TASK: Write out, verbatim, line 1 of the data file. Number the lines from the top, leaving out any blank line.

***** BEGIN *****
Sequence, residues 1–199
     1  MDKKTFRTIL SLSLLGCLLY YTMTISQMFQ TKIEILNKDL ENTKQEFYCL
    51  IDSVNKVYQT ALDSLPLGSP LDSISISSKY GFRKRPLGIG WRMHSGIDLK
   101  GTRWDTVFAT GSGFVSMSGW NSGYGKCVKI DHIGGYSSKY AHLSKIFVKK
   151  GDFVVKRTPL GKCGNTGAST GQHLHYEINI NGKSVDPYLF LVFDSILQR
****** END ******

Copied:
Sequence, residues 1–199